By drawing the three defenders across this creates a pocket of space inside and between defenders, and a direct passing lane into the penalty area where his pass is weighted to perfection.
Fornals is also capable of playing longer, lofted passes (as we saw in an earlier example), and is capable of doing so with either foot. He is strongest on his right foot but also possesses quality with his left.
In this situation he is playing outside of the block and coming from a wide position, but he still demonstrates his playmaking ability as he receives a pass, again using a positive first touch to get the ball out of his feet before clipping another fantastic pass in between both centre-backs for the centre-forward to receive in the penalty area.
Fornals is not just a highly skilled technician, but there is real creativity to his passing that gives him a level of unpredictability.
In this sequence we see him creating space by his own clever movement, which he then exploits himself. Using a high-to-low movement, he draws the defender out of the back-line following him into midfield.
As the ball arrives at Fornals’ feet, with his back to goal and seemingly with no great option, he plays a first time pass around the corner, once again for Chukwueze who is the beneficiary of Fornals’ intelligence and execution, as he races in behind the opponents’ defence.
Needle passing? Fornals has this in his locker too.
In this sequence, Fornals is faced with a deep defence and immediate pressure. Noticing the run in behind, he slips the ball deliberately through the defender’s legs and in behind to create an opportunity to score.
As we have seen, Fornals’ intelligence, awareness and technical execution give him an all-round passing game which will excite West Ham supporters. They may not appreciate the comparison with a rival player, but when you watch Fornals you see shades of Christian Eriksen.
This has been covered in part already, but it is worth covering in detail how Fornals’ movement is key to creating the time and space for himself to play in. Indeed, for a player of slight stature as he is, it is imperative he avoids direct 1v1 duels.
As Villarreal have a throw-in, Fornals uses a double movement to lose his marker and put him on the back foot. By giving one movement for the defender, another for himself, this creates the necessary separation to receive the ball.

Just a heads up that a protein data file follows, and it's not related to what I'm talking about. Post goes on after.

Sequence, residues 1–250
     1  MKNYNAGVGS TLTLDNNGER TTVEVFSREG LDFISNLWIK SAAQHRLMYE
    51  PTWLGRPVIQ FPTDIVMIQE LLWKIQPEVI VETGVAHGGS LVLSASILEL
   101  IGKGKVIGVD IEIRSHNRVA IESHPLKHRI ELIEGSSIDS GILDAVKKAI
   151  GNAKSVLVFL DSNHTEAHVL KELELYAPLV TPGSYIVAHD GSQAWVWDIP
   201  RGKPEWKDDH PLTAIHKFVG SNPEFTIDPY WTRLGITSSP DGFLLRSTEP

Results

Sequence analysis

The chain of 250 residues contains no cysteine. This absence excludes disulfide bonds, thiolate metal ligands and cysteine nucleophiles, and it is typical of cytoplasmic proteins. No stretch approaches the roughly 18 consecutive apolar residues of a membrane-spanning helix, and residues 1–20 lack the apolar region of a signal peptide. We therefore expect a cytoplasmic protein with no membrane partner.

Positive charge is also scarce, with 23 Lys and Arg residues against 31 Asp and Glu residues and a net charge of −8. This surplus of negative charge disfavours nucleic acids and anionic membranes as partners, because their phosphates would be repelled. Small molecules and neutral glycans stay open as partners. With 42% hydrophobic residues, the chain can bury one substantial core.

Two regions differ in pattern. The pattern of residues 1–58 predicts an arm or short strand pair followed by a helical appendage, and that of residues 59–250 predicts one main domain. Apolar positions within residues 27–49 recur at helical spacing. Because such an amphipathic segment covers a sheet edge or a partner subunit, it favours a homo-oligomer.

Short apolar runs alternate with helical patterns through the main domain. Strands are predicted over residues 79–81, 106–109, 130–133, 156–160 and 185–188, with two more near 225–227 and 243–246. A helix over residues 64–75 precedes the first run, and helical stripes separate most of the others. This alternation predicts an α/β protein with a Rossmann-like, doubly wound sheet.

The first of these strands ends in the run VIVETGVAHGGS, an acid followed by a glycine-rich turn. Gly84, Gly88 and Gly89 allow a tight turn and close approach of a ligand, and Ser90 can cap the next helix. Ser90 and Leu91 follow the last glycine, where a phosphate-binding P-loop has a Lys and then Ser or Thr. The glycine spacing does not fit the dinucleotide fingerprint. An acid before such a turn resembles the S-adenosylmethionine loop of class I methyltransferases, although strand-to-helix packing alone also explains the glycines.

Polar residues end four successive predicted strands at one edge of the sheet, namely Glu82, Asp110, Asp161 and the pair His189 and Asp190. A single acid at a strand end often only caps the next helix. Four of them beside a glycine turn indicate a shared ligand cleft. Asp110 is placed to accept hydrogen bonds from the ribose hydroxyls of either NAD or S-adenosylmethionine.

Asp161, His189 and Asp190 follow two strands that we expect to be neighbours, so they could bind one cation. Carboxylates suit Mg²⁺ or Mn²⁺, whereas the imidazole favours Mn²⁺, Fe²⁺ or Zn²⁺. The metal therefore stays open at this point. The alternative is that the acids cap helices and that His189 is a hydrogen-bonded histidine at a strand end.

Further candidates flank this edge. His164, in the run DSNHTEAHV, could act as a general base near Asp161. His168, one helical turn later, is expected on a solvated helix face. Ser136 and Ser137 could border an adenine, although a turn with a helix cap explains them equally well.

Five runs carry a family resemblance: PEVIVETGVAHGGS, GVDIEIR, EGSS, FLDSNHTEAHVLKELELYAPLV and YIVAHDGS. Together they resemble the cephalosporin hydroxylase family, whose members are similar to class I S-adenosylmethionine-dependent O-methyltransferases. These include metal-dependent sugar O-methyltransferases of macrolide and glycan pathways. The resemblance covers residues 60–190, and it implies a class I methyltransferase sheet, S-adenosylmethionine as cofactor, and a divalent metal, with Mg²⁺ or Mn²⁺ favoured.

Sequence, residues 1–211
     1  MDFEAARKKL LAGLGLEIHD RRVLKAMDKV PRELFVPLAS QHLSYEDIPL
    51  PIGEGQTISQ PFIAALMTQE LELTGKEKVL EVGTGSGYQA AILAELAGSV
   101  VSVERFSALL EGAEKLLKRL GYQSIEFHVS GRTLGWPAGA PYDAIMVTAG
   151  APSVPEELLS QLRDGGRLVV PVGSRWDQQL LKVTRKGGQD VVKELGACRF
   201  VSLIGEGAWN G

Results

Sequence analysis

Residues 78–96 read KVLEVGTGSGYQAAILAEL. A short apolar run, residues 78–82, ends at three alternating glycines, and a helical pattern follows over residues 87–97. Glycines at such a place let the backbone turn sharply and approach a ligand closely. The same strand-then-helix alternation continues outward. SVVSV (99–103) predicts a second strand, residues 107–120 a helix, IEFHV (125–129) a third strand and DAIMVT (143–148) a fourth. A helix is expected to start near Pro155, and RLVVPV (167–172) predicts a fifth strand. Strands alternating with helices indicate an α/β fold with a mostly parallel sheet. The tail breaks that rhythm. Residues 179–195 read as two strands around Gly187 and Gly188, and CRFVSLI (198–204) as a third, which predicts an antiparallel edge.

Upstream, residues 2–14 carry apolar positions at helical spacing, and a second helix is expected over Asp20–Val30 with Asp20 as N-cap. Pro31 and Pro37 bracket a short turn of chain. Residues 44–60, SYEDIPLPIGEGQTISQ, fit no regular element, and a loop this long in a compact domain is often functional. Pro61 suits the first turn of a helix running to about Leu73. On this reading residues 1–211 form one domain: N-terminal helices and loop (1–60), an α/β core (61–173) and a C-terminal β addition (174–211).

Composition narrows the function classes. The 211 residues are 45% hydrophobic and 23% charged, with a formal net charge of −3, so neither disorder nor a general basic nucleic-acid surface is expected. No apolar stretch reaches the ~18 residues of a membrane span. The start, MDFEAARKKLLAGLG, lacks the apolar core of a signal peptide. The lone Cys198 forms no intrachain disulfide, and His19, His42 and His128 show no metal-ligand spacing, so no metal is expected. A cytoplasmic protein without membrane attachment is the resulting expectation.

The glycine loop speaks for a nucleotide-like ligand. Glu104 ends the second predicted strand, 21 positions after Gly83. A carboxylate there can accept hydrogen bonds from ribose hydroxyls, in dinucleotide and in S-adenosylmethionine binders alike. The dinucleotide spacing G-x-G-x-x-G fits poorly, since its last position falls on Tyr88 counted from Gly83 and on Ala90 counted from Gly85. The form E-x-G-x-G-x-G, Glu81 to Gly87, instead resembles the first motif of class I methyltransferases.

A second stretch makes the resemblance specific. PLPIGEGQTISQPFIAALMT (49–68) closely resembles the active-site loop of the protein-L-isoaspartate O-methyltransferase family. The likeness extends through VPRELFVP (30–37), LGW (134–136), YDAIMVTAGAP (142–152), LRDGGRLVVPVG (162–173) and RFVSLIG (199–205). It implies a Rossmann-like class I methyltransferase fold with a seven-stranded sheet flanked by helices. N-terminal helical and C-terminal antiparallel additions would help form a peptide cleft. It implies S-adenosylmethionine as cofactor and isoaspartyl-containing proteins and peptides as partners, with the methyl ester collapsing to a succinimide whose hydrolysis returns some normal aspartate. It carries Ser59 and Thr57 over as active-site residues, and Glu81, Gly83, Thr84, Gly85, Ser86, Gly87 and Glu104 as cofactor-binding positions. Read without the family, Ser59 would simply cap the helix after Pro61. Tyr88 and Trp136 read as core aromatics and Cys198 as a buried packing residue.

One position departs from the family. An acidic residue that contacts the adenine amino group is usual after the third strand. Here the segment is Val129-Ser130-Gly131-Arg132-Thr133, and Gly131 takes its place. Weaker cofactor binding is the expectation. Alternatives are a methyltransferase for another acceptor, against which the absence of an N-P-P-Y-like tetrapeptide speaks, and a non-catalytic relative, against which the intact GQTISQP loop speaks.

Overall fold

Once again he has freed himself to receive and this is where his imagination comes alive, using the space he has created for himself to play a delightful flick into Chukwueze’s path (yet again) whilst eliminating two opponents.
Again Fornals uses a double movement to create separation from his marker, enabling him to create not only the numerical superiority of the 2v1 but a positional superiority. As he sets the ball back, he moves off his marker as well as scanning around to build a picture of what is happening in the penalty area.
His initial clever movement enables him to exploit the 2v1 where he receives the ball, all the while still scanning and plays an inch-perfect whipped delivery into the penalty area for a headed goal. The technical execution is outstanding, but it is his prior movement and constant scanning that enables him to pull off such a technique.
Not only does he have excellent individual movement, but Fornals also boasts a good understanding of collective movement which will stand him in good stead under Manuel Pellegrini.
Once more Fornals demonstrates his superb intelligence, initially using individual movement to drag a defender with him creating space behind in the penalty area.
As soon as the ball is thrown to his team-mate, Fornals spins immediately into the space he has just created in order to receive the ball as the third player inside the penalty area, as he has stolen a yard on his marker.
What next for Fornals?
This is an interesting move for Fornals and something of a coup for West Ham in successfully luring one of Spain’s top talents to the London Stadium. No doubt the pull of working with Manuel Pellegrini – who once managed Villarreal himself – was a key factor in his move to East London.
He will no doubt take a while to adapt to England and the Premier League, where he may face different marking styles including man-marking as opposed to more zonal blocks that he may be used to. As we have seen in this tactical analysis, however, his individual movement skills should be perfect for exploiting this marking style.
Pellegrini had used a variety of systems in his tenure so far, and Fornals’ versatility across the advanced midfield positions means he should slot well into the 4-2-3-1, 4-3-3 and 4-4-2 systems the Chilean coach has employed so far. What is an interesting prospect is Fornals playing the ‘interior’ role in Pellegrini’s 4-4-2 system he employed largely at Villareal. With the wide players pinched in, operating in the inside channels and in between the lines, he feels like the ideal fit to play this role and adapt to Pellegrini’s tactics.
Pellegrini is an attack-minded coach, and Fornals will no doubt have license to create in advanced positions for the Hammers. It feels like a nice fit for Fornals, where come May 2020 the transfer fee could well look like a bargain.